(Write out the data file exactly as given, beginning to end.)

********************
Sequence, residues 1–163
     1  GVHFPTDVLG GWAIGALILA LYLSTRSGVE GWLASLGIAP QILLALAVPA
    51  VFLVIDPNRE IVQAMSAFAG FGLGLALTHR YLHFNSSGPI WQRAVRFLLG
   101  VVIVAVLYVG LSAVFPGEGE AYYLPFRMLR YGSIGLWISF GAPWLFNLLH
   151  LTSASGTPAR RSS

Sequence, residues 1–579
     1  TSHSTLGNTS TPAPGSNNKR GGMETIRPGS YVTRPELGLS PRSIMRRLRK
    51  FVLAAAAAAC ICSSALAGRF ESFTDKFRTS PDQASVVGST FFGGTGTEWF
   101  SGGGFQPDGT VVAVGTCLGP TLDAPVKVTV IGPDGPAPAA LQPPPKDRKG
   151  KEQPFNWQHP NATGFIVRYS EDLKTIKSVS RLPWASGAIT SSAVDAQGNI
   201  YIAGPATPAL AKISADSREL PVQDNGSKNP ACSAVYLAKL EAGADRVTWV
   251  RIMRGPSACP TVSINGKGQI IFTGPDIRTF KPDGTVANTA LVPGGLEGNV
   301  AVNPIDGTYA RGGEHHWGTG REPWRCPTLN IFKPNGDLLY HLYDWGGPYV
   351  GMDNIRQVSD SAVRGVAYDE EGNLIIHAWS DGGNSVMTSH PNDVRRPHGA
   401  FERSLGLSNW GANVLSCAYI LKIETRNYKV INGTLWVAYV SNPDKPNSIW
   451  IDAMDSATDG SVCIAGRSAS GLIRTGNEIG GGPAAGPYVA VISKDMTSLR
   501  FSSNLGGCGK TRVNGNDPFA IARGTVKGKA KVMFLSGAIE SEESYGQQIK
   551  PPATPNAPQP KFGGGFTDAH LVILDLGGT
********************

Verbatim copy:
Sequence, residues 1–163
     1  GVHFPTDVLG GWAIGALILA LYLSTRSGVE GWLASLGIAP QILLALAVPA
    51  VFLVIDPNRE IVQAMSAFAG FGLGLALTHR YLHFNSSGPI WQRAVRFLLG
   101  VVIVAVLYVG LSAVFPGEGE AYYLPFRMLR YGSIGLWISF GAPWLFNLLH
   151  LTSASGTPAR RSS

Sequence, residues 1–579
     1  TSHSTLGNTS TPAPGSNNKR GGMETIRPGS YVTRPELGLS PRSIMRRLRK
    51  FVLAAAAAAC ICSSALAGRF ESFTDKFRTS PDQASVVGST FFGGTGTEWF
   101  SGGGFQPDGT VVAVGTCLGP TLDAPVKVTV IGPDGPAPAA LQPPPKDRKG
   151  KEQPFNWQHP NATGFIVRYS EDLKTIKSVS RLPWASGAIT SSAVDAQGNI
   201  YIAGPATPAL AKISADSREL PVQDNGSKNP ACSAVYLAKL EAGADRVTWV
   251  RIMRGPSACP TVSINGKGQI IFTGPDIRTF KPDGTVANTA LVPGGLEGNV
   301  AVNPIDGTYA RGGEHHWGTG REPWRCPTLN IFKPNGDLLY HLYDWGGPYV
   351  GMDNIRQVSD SAVRGVAYDE EGNLIIHAWS DGGNSVMTSH PNDVRRPHGA
   401  FERSLGLSNW GANVLSCAYI LKIETRNYKV INGTLWVAYV SNPDKPNSIW
   451  IDAMDSATDG SVCIAGRSAS GLIRTGNEIG GGPAAGPYVA VISKDMTSLR
   501  FSSNLGGCGK TRVNGNDPFA IARGTVKGKA KVMFLSGAIE SEESYGQQIK
   551  PPATPNAPQP KFGGGFTDAH LVILDLGGT